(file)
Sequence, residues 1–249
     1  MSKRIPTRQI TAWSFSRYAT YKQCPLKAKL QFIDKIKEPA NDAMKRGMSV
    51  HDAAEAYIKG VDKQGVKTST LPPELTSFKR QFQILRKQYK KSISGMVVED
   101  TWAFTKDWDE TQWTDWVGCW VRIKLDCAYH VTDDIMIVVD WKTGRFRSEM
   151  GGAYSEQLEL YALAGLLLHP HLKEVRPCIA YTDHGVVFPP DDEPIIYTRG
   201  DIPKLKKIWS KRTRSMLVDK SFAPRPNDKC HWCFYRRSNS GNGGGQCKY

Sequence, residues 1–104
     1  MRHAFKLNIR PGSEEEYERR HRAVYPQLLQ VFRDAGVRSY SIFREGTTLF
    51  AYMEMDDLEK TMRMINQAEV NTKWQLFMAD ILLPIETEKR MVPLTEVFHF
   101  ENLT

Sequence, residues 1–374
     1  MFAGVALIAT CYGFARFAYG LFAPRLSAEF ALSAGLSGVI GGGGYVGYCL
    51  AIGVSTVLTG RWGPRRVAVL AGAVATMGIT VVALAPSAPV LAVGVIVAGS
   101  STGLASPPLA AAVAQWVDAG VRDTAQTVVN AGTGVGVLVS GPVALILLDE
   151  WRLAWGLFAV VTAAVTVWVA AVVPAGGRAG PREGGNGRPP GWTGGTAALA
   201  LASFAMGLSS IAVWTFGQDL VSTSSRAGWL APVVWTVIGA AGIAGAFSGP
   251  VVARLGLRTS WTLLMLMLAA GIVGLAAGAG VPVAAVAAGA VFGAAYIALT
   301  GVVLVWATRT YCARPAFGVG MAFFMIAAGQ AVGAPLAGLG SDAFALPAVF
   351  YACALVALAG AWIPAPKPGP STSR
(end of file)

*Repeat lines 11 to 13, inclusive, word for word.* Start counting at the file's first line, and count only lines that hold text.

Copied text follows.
Sequence, residues 1–374
     1  MFAGVALIAT CYGFARFAYG LFAPRLSAEF ALSAGLSGVI GGGGYVGYCL
    51  AIGVSTVLTG RWGPRRVAVL AGAVATMGIT VVALAPSAPV LAVGVIVAGS